Benghazi suicide car bombing

A member of the Libyan security forces stands next to a burnt-out vehicle Sunday after a suicide bombing outside Benghazi in eastern Libya. (Abdullah Doma / AFP/Getty Images / December 22, 2013)

BENGHAZI, Libya -- A suicide car bombing at a security checkpoint in eastern Libya on Sunday killed at least 13 people, the government said -- a gruesome attack that left body parts strewn across a roadway. Officials declared three days of mourning.

The powerful explosion took place in Bersis, about 30 miles from the increasingly restive city of Benghazi. An American schoolteacher was killed in the city earlier this month, and it was the scene of the September 2012 attack on the American consulate that killed the U.S. ambassador to Libya, J. Christopher Stevens.

Several heavily armed groups operate in the city and its environs, and have been battling one another and the security forces. Assassinations and bombings are favored tactics; Benghazi's military chief was assassinated last week. However, until now, suicide attacks have not been a feature of the fighting.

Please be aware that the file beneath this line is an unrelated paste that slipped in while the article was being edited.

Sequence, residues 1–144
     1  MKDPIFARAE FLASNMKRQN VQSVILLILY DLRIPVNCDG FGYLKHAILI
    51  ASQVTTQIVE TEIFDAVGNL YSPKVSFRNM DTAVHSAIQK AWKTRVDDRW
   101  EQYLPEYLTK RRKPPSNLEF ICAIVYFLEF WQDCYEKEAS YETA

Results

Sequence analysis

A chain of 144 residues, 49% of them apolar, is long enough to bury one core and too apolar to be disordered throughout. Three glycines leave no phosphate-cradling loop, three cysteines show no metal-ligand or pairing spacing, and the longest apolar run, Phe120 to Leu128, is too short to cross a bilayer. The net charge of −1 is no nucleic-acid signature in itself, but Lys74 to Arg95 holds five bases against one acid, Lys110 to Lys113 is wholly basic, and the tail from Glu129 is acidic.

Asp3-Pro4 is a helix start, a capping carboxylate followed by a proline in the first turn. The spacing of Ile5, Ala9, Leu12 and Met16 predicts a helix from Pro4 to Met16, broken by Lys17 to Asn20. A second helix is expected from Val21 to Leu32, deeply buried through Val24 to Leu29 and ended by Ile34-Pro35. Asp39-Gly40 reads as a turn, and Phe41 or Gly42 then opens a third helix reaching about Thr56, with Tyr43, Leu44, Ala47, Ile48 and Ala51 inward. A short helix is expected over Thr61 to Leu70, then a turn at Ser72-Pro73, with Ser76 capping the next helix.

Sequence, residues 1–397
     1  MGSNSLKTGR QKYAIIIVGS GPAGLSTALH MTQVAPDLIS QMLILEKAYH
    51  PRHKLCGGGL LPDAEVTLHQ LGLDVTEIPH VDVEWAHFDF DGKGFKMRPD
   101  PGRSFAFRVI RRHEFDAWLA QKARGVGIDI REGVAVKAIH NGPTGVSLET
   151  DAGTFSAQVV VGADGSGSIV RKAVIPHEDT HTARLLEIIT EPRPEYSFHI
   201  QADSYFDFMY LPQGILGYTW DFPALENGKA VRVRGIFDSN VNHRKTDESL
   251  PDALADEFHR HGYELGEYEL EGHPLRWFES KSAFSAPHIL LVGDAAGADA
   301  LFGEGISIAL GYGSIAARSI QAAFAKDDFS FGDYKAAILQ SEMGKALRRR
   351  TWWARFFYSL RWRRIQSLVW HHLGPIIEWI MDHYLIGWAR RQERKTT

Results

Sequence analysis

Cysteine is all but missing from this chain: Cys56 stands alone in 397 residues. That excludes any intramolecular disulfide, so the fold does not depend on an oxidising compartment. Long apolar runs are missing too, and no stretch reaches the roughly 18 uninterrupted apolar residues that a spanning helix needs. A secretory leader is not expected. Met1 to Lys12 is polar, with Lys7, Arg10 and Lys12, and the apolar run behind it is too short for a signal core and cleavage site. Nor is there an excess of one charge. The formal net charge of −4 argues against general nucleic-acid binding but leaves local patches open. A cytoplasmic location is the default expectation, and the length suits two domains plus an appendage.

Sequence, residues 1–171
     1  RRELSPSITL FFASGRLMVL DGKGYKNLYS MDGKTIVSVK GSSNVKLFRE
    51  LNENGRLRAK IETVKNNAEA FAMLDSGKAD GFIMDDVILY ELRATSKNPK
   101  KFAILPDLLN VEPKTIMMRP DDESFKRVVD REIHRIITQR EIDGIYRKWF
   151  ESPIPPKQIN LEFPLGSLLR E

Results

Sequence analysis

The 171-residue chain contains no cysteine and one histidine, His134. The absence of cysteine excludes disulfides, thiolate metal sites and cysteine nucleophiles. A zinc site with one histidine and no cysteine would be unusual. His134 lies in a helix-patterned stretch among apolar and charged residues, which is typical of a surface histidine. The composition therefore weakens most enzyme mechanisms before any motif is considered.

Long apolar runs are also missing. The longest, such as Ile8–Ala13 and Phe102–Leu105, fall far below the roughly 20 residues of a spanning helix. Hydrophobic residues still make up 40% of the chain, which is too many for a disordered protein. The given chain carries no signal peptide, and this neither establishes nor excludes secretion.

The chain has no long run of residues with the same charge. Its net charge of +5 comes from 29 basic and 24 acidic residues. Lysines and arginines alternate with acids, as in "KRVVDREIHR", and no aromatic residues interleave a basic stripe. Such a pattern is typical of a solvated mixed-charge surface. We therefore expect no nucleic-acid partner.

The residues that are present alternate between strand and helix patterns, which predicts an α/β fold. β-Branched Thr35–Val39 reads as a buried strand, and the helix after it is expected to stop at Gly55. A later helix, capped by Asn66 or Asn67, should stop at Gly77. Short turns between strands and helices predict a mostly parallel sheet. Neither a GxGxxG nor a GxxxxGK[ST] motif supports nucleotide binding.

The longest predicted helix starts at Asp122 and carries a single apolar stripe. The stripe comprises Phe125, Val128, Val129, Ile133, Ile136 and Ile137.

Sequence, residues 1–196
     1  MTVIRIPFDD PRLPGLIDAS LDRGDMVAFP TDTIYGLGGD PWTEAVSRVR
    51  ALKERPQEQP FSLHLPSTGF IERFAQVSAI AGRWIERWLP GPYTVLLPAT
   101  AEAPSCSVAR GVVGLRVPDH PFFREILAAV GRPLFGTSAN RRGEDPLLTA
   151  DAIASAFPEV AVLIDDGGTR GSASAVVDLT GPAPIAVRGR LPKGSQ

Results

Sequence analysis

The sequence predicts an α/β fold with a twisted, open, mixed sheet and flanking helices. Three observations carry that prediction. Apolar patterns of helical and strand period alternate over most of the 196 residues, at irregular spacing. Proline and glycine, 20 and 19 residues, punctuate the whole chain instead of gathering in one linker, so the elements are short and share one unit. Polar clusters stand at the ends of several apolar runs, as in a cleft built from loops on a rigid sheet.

A number of diplomatic missions in Benghazi have closed as a result of the recent bout of violence, which has wreaked havoc in the country's oil industry. The rival militias sprang up in the wake of the 2011 fighting that toppled and killed longtime leader Moammar Kadafi, with the country's oil-rich east a key prize.

Militias have seized control of ports and oilfields in and near Benghazi in an effort to win concessions from the weak central government of Prime Minister Ali Zidan. The government has made little headway in efforts to rein in the armed groups, whose influence has spread to the capital Tripoli as well.

The government postponed independence-day commemorations that had been scheduled for this Tuesday, because they would have fallen within the official mourning period for Sunday’s attack.

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Juma is a special correspondent. Staff writer Laura King contributed to this report from Cairo.